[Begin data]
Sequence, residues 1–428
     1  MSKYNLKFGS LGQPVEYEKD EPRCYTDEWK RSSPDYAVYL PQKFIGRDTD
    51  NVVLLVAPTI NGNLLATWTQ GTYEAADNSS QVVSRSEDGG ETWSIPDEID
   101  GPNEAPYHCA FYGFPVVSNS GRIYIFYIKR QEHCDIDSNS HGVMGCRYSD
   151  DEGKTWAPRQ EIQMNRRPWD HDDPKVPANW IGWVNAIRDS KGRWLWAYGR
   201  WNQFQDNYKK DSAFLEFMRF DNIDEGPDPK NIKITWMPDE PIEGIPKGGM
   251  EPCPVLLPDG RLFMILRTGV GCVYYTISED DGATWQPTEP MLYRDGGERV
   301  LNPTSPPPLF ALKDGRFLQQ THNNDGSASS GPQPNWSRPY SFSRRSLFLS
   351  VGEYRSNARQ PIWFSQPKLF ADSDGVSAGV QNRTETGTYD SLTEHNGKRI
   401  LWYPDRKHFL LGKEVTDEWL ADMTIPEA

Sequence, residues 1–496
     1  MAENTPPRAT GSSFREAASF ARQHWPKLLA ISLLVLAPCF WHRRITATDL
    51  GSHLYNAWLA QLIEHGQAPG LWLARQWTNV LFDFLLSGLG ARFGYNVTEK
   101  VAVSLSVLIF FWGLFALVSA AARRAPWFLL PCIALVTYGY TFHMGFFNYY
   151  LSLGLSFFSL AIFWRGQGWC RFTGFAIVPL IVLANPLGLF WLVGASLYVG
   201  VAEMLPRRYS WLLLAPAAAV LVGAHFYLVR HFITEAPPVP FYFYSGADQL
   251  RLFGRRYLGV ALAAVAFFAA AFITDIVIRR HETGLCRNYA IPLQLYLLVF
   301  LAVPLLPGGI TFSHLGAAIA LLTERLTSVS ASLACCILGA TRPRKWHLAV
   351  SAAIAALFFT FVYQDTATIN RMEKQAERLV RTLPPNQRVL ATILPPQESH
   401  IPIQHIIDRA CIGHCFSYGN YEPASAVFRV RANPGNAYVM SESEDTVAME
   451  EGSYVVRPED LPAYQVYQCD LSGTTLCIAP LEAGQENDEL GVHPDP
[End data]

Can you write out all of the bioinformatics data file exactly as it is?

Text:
Sequence, residues 1–428
     1  MSKYNLKFGS LGQPVEYEKD EPRCYTDEWK RSSPDYAVYL PQKFIGRDTD
    51  NVVLLVAPTI NGNLLATWTQ GTYEAADNSS QVVSRSEDGG ETWSIPDEID
   101  GPNEAPYHCA FYGFPVVSNS GRIYIFYIKR QEHCDIDSNS HGVMGCRYSD
   151  DEGKTWAPRQ EIQMNRRPWD HDDPKVPANW IGWVNAIRDS KGRWLWAYGR
   201  WNQFQDNYKK DSAFLEFMRF DNIDEGPDPK NIKITWMPDE PIEGIPKGGM
   251  EPCPVLLPDG RLFMILRTGV GCVYYTISED DGATWQPTEP MLYRDGGERV
   301  LNPTSPPPLF ALKDGRFLQQ THNNDGSASS GPQPNWSRPY SFSRRSLFLS
   351  VGEYRSNARQ PIWFSQPKLF ADSDGVSAGV QNRTETGTYD SLTEHNGKRI
   401  LWYPDRKHFL LGKEVTDEWL ADMTIPEA

Sequence, residues 1–496
     1  MAENTPPRAT GSSFREAASF ARQHWPKLLA ISLLVLAPCF WHRRITATDL
    51  GSHLYNAWLA QLIEHGQAPG LWLARQWTNV LFDFLLSGLG ARFGYNVTEK
   101  VAVSLSVLIF FWGLFALVSA AARRAPWFLL PCIALVTYGY TFHMGFFNYY
   151  LSLGLSFFSL AIFWRGQGWC RFTGFAIVPL IVLANPLGLF WLVGASLYVG
   201  VAEMLPRRYS WLLLAPAAAV LVGAHFYLVR HFITEAPPVP FYFYSGADQL
   251  RLFGRRYLGV ALAAVAFFAA AFITDIVIRR HETGLCRNYA IPLQLYLLVF
   301  LAVPLLPGGI TFSHLGAAIA LLTERLTSVS ASLACCILGA TRPRKWHLAV
   351  SAAIAALFFT FVYQDTATIN RMEKQAERLV RTLPPNQRVL ATILPPQESH
   401  IPIQHIIDRA CIGHCFSYGN YEPASAVFRV RANPGNAYVM SESEDTVAME
   451  EGSYVVRPED LPAYQVYQCD LSGTTLCIAP LEAGQENDEL GVHPDP